Canned, packaged or prepared
Once you have established that a product is a pet food, is it then necessary to decide whether it is canned, packaged or prepared before it is ruled to be standard-rated.
It will be immediately obvious whether a product is or is not canned. However, you must still have established that the product is pet food before it will be standard-rated. One enterprising manufacturer produces a canned food for feeding to hedgehogs. Although similar in composition to canned dog and cat food, the product was zero-rated because it was not pet food.
Packaged means pre-packed for retail sale in any sealed bag, carton or other container of 12.5 kilograms or less.
If you simply put loose produce in a plain paper or polythene bag at the point of sale, it is not packaged. This applies whether the bag is filled after your customer has bought it, or ahead of time in anticipation of sale.
Prepared pet food is animal feed which has been specially mixed or processed to tailor it to pet consumption. It includes cereal or seed mixes formulated specifically for pet species, or food which has been ‘specialised to the pet food market’ - mixed or processed specifically to appeal to pet animals within a species.
Prepared pet food does not need to be packaged to be standard-rated - so a hamster mix sold loose by weight would be standard-rated as a prepared food. However, the individual components of the mix sold separately in the same loose state would be zero-rated even if they were specifically held out for sale for hamsters as, although they are being sold as pet food, they would not be canned, packaged or prepared.
Meat for dogs
Many problems in this area arise in respect of meat products for dogs. Because tribunals have decided that not all dogs are pets (see Food for working dogs in VFOOD8560), these meat products cannot be classed as pet food simply because they are for feeding dogs: they have also to be prepared in such a way as to specialise them to the pet dog market, or be held out for sale specifically for pet dogs. Notice 701/15, Food for animals explains what processes would be considered to specialise meat products to the pet market.
There have been a number of tribunals on the liability of meat products for dogs and cats.
In the case of E & J Crooks (EDN/83/0065) the tribunal did appear to accept the original position of HM Revenue and Customs that cats and dogs were pet species and found the appellant’s supplies of brawn to be pet food primarily because they were sold for consumption by dogs and cats.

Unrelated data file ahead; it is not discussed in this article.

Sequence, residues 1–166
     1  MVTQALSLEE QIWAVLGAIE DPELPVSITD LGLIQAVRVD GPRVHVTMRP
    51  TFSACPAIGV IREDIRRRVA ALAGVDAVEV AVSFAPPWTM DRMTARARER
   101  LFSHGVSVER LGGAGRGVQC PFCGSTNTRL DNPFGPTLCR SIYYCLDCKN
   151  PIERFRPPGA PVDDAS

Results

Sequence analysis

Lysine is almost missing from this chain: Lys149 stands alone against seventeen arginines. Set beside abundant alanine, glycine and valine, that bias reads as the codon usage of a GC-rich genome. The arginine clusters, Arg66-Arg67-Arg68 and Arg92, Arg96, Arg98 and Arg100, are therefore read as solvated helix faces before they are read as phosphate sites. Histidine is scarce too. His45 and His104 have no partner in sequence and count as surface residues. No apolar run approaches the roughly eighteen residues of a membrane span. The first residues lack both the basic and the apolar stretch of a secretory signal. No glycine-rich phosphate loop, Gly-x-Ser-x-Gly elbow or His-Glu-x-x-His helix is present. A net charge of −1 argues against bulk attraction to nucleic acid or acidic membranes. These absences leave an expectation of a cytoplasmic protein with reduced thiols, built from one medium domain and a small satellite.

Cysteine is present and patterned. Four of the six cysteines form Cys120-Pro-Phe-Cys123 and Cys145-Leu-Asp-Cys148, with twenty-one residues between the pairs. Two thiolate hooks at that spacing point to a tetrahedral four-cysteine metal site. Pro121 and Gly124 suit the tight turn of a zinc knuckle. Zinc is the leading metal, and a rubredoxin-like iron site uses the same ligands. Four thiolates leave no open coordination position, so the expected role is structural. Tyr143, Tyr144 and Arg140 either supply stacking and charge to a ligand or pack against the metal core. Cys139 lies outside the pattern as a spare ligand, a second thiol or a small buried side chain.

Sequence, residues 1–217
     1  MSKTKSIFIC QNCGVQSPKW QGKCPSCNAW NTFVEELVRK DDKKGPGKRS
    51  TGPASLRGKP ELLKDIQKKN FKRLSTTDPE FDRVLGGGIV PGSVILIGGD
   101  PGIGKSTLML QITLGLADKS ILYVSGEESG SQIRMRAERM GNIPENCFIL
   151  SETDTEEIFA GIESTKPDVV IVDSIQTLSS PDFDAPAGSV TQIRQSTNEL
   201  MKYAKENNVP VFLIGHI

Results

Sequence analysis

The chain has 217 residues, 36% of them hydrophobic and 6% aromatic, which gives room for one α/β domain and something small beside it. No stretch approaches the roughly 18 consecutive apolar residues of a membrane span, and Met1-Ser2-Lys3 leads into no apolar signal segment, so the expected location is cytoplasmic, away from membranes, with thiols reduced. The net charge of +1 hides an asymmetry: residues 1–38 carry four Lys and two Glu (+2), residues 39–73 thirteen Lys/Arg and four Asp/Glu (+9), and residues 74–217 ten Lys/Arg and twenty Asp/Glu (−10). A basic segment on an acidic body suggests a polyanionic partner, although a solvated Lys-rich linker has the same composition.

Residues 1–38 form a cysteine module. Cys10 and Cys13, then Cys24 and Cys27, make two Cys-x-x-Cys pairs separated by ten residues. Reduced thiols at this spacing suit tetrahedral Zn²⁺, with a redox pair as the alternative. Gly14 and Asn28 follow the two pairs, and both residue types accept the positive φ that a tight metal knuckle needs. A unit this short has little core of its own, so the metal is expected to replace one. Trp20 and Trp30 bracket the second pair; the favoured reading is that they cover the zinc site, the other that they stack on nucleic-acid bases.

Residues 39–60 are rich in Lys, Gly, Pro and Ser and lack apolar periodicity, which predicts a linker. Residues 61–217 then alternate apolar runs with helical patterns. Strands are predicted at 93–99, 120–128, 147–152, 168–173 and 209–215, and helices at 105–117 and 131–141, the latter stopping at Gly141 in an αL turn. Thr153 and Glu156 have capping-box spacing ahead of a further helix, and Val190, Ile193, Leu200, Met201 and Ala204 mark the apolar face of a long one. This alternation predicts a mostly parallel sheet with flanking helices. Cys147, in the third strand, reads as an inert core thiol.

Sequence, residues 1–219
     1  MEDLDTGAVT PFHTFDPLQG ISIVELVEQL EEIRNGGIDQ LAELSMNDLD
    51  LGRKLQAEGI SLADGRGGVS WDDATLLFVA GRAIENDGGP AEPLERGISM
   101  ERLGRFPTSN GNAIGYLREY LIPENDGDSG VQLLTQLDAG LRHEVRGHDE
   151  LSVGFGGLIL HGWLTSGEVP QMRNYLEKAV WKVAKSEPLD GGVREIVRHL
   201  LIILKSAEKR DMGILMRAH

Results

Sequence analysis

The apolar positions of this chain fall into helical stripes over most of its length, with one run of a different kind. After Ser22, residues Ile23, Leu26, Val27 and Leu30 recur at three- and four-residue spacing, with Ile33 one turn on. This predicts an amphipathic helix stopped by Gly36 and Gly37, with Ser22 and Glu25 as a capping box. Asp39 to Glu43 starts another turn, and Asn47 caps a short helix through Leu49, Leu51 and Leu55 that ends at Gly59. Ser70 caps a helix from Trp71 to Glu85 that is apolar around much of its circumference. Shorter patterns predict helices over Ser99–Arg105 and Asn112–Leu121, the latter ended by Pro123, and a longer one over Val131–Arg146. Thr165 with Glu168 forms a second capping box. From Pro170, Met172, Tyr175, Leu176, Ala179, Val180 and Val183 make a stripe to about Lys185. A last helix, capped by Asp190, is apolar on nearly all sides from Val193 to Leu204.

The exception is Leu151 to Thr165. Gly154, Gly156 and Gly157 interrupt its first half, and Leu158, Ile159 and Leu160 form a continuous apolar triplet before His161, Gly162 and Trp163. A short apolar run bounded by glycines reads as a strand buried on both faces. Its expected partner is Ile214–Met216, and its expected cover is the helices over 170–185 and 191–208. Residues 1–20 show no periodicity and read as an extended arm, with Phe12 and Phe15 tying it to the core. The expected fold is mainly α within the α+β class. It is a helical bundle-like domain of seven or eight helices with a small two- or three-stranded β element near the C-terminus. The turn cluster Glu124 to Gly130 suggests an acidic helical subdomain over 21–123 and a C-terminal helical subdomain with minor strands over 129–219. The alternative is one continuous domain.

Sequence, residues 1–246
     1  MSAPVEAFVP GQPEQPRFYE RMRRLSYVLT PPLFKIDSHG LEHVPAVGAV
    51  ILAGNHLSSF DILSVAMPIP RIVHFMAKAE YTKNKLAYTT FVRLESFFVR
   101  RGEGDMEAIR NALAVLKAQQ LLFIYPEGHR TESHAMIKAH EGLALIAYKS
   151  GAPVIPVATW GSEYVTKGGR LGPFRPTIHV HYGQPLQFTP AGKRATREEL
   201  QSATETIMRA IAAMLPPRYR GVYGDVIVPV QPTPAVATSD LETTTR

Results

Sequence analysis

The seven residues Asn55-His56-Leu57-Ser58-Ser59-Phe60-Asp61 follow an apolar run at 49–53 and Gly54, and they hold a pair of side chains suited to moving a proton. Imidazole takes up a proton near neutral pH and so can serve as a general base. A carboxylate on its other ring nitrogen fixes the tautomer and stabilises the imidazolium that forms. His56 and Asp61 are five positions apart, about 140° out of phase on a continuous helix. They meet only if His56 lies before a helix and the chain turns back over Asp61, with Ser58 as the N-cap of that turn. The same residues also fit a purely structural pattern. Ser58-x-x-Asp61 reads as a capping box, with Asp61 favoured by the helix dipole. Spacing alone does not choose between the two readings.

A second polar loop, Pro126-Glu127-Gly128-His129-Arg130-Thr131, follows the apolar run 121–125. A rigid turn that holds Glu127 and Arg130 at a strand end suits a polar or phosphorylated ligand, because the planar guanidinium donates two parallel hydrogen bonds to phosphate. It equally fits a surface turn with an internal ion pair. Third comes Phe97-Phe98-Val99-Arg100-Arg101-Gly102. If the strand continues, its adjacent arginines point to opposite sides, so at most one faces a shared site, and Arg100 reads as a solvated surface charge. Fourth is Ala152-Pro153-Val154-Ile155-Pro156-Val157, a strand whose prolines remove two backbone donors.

The same line was taken in the case of Freezerman (UK) Ltd (LON/85/0454), when supplies of raw minced meat sold in small packs suitable for cats and dogs rather than (unspecified) farm animals were held to be pet food.
The case of Pope’s Lane Pet Food Supplies (MAN/86/0148) first introduced the question of working dogs. In that case, it was accepted that the meat was for consumption by dogs (and, to a lesser extent, cats) but the tribunal found that that did not, of itself, make it pet food. The tribunal also stressed the importance of how the meat was held out for sale, and concluded that, in that particular case, the appellant was not holding it out for sale as pet food; neither was the meat (which was sold in large 20 lb lumps) suitable for use primarily as pet food. This decision stressed throughout that the significant factor, as far as VAT liability is concerned, was whether the supplier specifically held the meat out as pet food, not whether the customer subsequently used it to feed to his or her pet.
The Pope’s Lane case was used as a precedent in the case of Norman’s Riding Poultry Farm Ltd (MAN/88/0413), when the tribunal found that minced and diced raw chicken sold, wrapped in clingfilm, for consumption by dogs was prepared and packaged but was not pet food, because the appellant had not specifically held it out for sale as such.
In the similar case of LJ Norgate & H Norgate (trading as Dog’s Dinner) (LON/89/1221Z) horsemeat sold from a market stall was held not to be pet food because, firstly, not all dogs were pets and, secondly, the appellant in selling the meat was in no way holding it out for sale as pet food.
The Tribunal also found that the act of wrapping the meat, after sale, in newspaper did not amount to packaging it. Following these decisions it was no longer possible to argue successfully that meat for dogs was intrinsically pet food - it had to be either held out for sale for pet dogs or otherwise specialised to the pet food market.